Defendant was driving west on S.E. Powell Boulevard in the city of Portland. Between the intersections of 60th and 61st Avenues he was operating his automobile at a speed between 45 and 55 miles per hour. The hour was about 1 a.m. Plaintiff was crossing the street from north to south. He paused at the center line to let an eastbound car go by. He then started to walk. He was over the center line when he was hit by the defendant's westbound car, which was "straddling the yellow line." The night was "light" and the streets were dry. Visibility was good. An officer testified that defendant said he thought he saw somebody near 61st and Powell, but he "didn't remember hitting anybody." Witness Smith testified that defendant said first that he didn't see anyone but then he said he saw someone but didn't hit him. Defendant was arrested for being drunk in an automobile, and for violation of the "hit and run" statute. He was found guilty of being a hit and run driver by the Municipal Court. In the course of the evening the defendant had at least eight or nine drinks of whisky. Defendant as a witness admitted that he heard a thud at about the time he passed a vehicle which was going in the opposite direction. He did not tell anyone that he had heard the thud until a few weeks before the trial. He testified, "I just didn't want to admit it to anyone that I possibly had struck a person. I just wanted to keep it to myself."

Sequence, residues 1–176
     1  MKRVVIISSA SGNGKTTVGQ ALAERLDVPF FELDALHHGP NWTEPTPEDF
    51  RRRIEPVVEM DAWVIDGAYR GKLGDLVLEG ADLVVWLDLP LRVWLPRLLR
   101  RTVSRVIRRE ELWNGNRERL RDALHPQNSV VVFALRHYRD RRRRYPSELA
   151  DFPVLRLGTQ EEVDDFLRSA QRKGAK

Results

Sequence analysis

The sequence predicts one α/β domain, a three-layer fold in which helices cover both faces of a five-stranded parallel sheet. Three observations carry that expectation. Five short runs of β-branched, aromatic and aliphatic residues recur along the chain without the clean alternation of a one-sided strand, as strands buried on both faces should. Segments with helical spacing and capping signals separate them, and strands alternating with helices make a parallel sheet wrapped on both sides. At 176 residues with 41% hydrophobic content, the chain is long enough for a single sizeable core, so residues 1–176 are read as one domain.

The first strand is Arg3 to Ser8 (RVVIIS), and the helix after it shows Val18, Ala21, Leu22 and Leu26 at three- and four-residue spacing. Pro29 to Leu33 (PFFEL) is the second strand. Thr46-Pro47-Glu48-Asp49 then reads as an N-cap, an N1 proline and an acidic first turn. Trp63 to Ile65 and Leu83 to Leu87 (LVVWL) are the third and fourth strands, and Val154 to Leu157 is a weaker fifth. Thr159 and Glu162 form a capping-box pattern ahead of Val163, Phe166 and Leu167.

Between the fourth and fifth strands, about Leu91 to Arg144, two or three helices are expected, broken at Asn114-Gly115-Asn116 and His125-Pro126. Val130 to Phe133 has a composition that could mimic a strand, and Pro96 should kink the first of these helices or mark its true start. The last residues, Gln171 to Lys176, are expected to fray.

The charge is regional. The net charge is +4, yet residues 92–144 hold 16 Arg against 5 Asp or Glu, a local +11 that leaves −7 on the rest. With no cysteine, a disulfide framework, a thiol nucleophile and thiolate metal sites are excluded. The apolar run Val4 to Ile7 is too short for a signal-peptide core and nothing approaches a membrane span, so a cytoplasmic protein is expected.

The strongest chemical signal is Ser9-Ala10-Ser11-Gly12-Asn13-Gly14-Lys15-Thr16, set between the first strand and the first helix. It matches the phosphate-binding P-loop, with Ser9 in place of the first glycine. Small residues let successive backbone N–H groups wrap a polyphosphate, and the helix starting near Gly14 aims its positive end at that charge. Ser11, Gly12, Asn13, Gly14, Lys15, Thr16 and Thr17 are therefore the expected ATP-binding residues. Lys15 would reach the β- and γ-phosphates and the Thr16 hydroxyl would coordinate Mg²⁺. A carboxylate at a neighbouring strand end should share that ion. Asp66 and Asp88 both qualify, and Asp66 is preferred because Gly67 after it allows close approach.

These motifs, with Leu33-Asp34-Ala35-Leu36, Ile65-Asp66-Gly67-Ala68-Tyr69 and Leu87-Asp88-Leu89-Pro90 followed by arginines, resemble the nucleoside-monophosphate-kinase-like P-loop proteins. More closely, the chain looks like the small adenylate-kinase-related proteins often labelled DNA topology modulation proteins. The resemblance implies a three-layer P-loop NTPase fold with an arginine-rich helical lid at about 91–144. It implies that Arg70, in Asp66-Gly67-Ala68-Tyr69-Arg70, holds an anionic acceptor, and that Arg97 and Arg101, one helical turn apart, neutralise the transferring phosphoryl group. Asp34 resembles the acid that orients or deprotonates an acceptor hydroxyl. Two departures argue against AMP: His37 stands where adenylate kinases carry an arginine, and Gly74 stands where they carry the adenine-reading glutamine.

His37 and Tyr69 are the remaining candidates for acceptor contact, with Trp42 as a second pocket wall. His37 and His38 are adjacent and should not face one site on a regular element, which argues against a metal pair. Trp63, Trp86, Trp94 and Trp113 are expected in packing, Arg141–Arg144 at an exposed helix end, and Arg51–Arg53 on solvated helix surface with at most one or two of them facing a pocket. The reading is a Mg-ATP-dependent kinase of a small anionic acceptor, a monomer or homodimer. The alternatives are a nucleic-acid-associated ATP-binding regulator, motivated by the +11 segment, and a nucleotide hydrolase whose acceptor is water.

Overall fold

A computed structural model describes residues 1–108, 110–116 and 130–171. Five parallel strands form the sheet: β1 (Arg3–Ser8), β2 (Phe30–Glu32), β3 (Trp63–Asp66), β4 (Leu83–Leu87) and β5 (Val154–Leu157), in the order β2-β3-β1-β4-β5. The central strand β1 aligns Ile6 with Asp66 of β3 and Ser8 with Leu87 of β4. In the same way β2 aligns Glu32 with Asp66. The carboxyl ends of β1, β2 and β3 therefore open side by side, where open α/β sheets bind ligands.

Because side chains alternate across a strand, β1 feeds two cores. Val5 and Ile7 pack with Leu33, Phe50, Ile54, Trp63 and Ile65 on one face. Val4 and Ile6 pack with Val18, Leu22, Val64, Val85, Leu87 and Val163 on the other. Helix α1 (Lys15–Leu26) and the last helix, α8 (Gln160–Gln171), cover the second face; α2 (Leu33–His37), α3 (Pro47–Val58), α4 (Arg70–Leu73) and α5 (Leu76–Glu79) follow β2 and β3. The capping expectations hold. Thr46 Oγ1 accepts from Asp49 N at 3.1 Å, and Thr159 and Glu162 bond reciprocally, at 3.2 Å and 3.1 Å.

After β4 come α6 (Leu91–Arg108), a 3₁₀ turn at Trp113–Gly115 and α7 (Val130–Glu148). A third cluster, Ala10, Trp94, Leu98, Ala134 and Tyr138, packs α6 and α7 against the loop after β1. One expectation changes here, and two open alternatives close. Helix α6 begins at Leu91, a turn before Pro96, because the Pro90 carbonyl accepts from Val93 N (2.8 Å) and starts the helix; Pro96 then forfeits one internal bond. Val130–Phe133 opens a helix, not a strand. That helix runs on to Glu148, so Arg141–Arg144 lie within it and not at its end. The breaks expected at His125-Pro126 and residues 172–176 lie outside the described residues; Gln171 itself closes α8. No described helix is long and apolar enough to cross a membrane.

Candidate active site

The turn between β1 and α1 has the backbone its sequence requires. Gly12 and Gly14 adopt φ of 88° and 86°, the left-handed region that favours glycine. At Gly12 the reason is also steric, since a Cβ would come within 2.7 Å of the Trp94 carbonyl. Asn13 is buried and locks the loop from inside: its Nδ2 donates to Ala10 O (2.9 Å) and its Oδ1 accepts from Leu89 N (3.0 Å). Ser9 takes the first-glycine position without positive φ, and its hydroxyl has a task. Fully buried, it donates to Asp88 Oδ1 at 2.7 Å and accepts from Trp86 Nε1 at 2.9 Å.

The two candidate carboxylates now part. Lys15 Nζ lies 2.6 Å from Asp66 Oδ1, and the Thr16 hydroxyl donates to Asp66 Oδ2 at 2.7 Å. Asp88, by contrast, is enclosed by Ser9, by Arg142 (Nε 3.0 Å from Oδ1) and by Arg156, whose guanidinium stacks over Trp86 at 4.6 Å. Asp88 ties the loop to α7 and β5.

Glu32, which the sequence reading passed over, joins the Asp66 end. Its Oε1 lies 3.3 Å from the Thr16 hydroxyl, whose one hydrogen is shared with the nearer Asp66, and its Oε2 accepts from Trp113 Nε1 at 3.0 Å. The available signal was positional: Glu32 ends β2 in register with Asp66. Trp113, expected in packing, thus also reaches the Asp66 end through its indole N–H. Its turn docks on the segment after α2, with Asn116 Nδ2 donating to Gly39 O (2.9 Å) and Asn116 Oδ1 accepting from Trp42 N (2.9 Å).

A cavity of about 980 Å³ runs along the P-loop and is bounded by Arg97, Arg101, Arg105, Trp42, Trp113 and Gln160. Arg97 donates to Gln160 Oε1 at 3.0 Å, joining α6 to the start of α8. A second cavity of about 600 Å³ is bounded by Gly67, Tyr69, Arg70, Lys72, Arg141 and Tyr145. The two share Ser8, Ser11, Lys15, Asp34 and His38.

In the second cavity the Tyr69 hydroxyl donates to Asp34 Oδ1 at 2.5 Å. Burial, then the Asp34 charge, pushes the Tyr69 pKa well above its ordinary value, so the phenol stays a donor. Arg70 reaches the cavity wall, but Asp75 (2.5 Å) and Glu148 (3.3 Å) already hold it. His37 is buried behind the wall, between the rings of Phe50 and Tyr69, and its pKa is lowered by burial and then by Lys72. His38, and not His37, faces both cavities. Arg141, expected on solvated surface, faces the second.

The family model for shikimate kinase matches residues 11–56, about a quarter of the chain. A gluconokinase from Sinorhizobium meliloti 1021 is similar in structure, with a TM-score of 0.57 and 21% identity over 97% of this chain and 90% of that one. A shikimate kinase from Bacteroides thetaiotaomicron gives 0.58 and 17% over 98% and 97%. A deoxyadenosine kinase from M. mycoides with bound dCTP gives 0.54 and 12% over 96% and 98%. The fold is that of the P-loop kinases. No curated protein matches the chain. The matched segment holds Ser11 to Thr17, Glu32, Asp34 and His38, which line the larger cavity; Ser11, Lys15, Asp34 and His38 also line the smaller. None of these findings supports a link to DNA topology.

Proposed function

There was convincing evidence from several witnesses that defendant was intoxicated. His speech was slurred, his eyes were glassy, and he couldn't stand on his feet. There was a strong odor of alcohol on his breath. His eyes were bloodshot and the pupils were *152 dilated. The police stopped the defendant at 28th and Powell. They found clothing marks on the "dust scum on the bumper and clothing impressions in the dust of the car, and a dent on the hood." On the windshield they found a smudge mark and one hair. Defendant explained that he had been in another accident a few days earlier. Defendant twice tried to rub against the car so as to obliterate the marks of the collision. After defendant struck the plaintiff he slowed down. He testified: